It's nice that the budget comes just after the release of the Senate Committees review on the 2004 health care accord. Now, I'm not a fan that the Senate reviewed the 2004 Health Accord. I firmly believe that it should have been done by the Parliamentary health-care committee -- the Harper government didn't have a majority in Parliament at the time but they did have control of the Senate and so in typical Conservative anti-democratic fashion, the review was struck in Senate. Several of our pro-medicare allies -- including the Canadian Health Coalition and unions and groups representing health care professionals- asked to present to Senate and were turned down. But in a surprising move to many of us, some of the Senates recommendations weren't terrible! In fact, the Senate and I even agree that: Harper and his government need to be responsible and accountable for health care in Canada, pharmacare is necessary and the federal government should take the lead, and we need a continuing care strategy for the country. Whoa!

So if Harper was to listen to the Senate (they have not endorsed all of these recommendations), or to the Alternative Federal Budget, or to the Council of Canadians and our pro-medicare allies they might hear that in this next federal budget we want:

1. Canada needs to implement pharmacare -- a universal drug care coverage plan. Pharmacare would save Canadians $10.7 billion a year or 43 per cent of current expenditure on drugs. Savings would come from bulk-purchasing, using new cost comparator countries for pricing drugs, a single universal public insurer, and a national formulary of essential drugs.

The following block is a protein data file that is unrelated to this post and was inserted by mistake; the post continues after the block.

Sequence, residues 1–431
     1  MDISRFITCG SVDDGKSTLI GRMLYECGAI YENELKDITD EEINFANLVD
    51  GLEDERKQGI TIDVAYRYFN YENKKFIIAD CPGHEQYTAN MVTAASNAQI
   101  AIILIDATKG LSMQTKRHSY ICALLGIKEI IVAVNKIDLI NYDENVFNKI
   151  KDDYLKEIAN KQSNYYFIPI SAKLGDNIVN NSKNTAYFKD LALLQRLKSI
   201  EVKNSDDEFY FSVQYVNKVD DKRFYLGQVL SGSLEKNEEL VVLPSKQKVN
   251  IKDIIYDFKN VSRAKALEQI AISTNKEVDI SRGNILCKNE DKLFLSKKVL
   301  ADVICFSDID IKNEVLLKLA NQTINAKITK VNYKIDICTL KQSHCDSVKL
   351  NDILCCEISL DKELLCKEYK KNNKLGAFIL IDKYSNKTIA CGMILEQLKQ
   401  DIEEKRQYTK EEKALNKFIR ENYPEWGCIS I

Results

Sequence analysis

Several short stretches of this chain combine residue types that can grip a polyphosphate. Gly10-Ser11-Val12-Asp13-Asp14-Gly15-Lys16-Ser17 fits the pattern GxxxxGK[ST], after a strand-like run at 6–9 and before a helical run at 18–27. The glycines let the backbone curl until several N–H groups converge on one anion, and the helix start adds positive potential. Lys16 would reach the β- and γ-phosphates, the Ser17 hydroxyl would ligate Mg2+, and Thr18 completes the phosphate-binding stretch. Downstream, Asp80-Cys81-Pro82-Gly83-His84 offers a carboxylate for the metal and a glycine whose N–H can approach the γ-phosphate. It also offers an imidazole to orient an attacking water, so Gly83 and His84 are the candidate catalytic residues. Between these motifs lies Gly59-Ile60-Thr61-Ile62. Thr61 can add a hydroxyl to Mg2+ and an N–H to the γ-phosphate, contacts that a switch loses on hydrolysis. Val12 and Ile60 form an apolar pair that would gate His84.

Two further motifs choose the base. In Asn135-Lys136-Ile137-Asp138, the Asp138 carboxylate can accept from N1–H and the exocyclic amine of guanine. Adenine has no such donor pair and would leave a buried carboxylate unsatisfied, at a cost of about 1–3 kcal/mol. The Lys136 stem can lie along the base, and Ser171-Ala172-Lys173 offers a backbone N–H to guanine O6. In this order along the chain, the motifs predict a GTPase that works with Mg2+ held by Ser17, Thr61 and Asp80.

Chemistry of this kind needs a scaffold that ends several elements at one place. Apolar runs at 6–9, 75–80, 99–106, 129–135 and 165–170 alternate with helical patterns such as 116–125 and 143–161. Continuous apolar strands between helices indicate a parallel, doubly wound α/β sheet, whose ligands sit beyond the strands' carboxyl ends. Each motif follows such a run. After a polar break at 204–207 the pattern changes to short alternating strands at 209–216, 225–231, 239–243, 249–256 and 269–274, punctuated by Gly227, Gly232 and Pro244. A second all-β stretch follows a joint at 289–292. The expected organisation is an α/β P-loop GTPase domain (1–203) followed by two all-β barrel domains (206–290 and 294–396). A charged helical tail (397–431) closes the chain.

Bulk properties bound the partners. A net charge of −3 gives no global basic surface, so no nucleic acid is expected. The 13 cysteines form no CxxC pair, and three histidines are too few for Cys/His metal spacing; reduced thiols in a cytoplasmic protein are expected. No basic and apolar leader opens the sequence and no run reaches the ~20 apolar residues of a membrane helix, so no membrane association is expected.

2. A continuum of care strategy is needed to help aging Canadians access appropriate care. An expansion of community-based care, home care and long-term care is needed to reduce wait times across the country.

3. The federal government needs to recommit to the principles of the Canada Health Act: universality, accessibility, public administration, comprehensiveness, and portability.

4. Some provinces are allowing clinics to operate illegally by charging user fees and extra-billing for medically necessary services. The federal government needs to stop this from happening by penalizing those provinces through dollar-for-dollar deductions in cash transfers.

5. The creation of stand-alone legislation for pharmacare, continuing care, dental care and mental health services is essential for truly comprehensive and universal health care across Canada.

6. The federal government needs to negotiate a 2014 health care accord with the provinces and territories that includes: national standards and benchmarks tied to the Canada Health Transfers, pharmacare, continuing care, expanded mental health services, and dental care. The new accord should include a 6 per cent escalating transfer for the duration of a new 10-year accord.

I wish I could tell you that I'm hopeful that all of this will occur. But to be honest, I'm not. I do, however, have the date October 19, 2015 (the next federal election) dance in and out of my thoughts most days. Until then, we'll just keep hammering away with our demands for truly universal and comprehensive health care in Canada. Maybe we can even bug them so much that they give in to our demands and realize that the one per cent isn't worth the suffering of the 99. Too optimistic? I think not.